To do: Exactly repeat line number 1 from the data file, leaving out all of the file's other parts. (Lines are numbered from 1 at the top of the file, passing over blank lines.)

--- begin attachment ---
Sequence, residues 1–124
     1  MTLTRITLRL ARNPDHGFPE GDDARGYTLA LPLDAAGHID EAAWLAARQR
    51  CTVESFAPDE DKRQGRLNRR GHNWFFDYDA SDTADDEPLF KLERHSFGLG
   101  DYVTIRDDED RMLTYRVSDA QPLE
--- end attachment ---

Sequence, residues 1–124